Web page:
Steal Big, Steal Little
Directed by Andrew Davis. Starring Andy Garcia, Alan Arkin, Rachel Ticotin, Joe Pantoliano, Ally Walker, Holland Taylor. (1995)
REVIEWED By Alison Macor, Fri., Oct. 6, 1995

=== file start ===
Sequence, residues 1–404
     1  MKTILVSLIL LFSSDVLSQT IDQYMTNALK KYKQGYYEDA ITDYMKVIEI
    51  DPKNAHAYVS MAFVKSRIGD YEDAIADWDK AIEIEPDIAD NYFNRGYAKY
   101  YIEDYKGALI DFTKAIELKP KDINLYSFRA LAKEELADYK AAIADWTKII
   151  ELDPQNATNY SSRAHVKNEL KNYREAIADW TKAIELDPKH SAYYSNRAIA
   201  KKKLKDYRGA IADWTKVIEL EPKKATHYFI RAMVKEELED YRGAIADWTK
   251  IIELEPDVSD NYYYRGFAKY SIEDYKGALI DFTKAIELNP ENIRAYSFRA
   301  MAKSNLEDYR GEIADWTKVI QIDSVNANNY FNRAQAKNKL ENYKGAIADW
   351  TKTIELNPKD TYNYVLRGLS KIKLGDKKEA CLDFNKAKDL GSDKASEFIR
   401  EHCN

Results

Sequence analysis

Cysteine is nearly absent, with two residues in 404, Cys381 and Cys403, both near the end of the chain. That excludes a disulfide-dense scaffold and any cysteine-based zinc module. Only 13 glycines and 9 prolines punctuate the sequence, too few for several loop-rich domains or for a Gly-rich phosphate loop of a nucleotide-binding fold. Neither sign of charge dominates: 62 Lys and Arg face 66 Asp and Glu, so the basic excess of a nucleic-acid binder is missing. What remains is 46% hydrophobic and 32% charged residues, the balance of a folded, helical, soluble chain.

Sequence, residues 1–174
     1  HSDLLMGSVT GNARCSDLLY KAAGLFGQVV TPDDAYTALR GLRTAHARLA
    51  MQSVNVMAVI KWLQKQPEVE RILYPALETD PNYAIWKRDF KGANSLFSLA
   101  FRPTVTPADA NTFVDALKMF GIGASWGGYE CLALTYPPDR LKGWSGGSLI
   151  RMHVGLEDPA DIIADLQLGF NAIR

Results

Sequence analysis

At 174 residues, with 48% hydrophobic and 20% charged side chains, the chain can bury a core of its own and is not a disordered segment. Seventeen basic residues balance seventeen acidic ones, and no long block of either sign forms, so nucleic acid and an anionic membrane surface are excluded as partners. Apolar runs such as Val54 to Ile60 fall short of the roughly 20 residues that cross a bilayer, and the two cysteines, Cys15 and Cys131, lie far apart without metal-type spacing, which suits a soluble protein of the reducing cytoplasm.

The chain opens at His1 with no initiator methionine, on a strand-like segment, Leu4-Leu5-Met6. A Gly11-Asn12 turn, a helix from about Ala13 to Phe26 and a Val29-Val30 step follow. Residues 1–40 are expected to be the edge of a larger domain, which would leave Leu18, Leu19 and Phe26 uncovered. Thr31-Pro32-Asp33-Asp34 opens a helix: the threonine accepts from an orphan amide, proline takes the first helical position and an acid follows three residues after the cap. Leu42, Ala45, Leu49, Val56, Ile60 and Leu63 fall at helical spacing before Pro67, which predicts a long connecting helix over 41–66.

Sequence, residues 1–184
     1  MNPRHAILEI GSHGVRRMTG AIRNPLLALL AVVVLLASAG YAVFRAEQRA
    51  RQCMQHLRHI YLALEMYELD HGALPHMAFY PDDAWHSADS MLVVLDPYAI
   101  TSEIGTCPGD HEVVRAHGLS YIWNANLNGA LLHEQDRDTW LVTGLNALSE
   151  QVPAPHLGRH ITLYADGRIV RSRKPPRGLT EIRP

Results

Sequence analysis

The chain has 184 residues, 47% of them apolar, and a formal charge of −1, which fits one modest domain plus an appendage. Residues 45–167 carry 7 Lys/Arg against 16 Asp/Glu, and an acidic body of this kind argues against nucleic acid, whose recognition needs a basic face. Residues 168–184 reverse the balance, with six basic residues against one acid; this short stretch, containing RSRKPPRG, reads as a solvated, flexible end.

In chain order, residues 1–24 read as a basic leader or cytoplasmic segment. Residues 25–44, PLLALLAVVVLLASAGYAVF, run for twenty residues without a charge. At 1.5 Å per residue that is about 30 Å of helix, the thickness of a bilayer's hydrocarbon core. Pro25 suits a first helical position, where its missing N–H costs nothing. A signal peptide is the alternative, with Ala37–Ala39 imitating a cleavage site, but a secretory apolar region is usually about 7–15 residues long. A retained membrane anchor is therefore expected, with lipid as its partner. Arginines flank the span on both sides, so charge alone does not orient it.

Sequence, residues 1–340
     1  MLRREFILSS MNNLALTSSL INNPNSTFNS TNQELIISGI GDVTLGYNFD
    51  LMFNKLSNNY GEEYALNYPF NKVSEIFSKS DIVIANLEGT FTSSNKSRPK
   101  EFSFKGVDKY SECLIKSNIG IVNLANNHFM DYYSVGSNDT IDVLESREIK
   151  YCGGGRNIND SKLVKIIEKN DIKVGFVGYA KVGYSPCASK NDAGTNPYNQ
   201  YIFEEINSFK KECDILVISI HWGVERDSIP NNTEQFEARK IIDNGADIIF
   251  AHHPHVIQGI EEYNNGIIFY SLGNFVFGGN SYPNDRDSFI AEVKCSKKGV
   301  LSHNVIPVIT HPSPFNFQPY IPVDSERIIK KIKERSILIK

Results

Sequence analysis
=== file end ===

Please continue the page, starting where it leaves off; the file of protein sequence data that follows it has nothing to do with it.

The tightly structured narrative of Andrew Davis' last film The Fugitive is definitely absent from Steal Big, Steal Little, his latest effort starring Andy Garcia as identical twins. Elements of screwball comedy and even a hint of Stanley Kramer's It's a Mad, Mad, Mad, Mad World crop up from time to time, but the film needs more of a focus for it to succeed. While the fairy-tale element of the story about feuding twin brothers Ruben Partida Martinez and Robert Martin (nee Martinez) has its charms, the film's chaotic nature undercuts any type of moral that Davis may have hoped to communicate. Ruben and Robert are Latino brothers found and raised by eccentric artist and dancer Mona Rowland-Downey (played by Taylor, a dead ringer for Vanessa Redgrave), a wealthy and compassionate woman with a grand plan to open La Fortuna, her 40,000 acre ranch and estate in Santa Barbara, to the families who work the land. Having grown up with different ideas of success, Ruben and Robert disagree about the managing of the estate: Ruben supports Mona's plan, but Robert is more interested in selling the land to developers. When Mona dies and leaves Ruben as sole heir after discovering Robert's shady management of La Fortuna, Robert embarks on a plan to steal the land away from Ruben and the immigrant families who currently cultivate and live on the estate. Other plot lines abound as well: Ruben's reuniting with his wife Laura (Ticotin), his partnership and friendship with Laura's boss Lou Perilli (Arkin), his damaged friendship with his corrupt lawyer Eddie Agopian (Pantoliano), and an alleged affair with his sister-in-law Bonnie (Walker). Davis and co-writers Lee Blessing, Jeanne Blake, and Terry Kahn work hard to weave together these stories, but the film becomes a case study of how too many cooks can spoil the broth, or in this case, nearly the entire meal. Steal Big, Steal Little does work on other levels, however small. The natural richness of Santa Barbara's landscape and the kaleidoscope of colors in the sets and costumes establish a generally engaging and exuberant tone for the film. More impressive is the film's acting, and Garcia deserves credit for a convincing (and probably exhausting) portrayal of the ideologically-opposed brothers Ruben and Robert. Ticotin exudes an appealing strength as Ruben's estranged wife Laura, and Taylor's brief appearance as Mona is appropriately warm and flamboyant. Arkin's role as the fast-talking, faster-thinking used car dealer Lou showcases the actor's dogged and slightly offbeat wit. Acting and setting aside, though, Steal Big, Steal Little just can't seem to pull off the multiple story lines amidst its tale of brotherly love.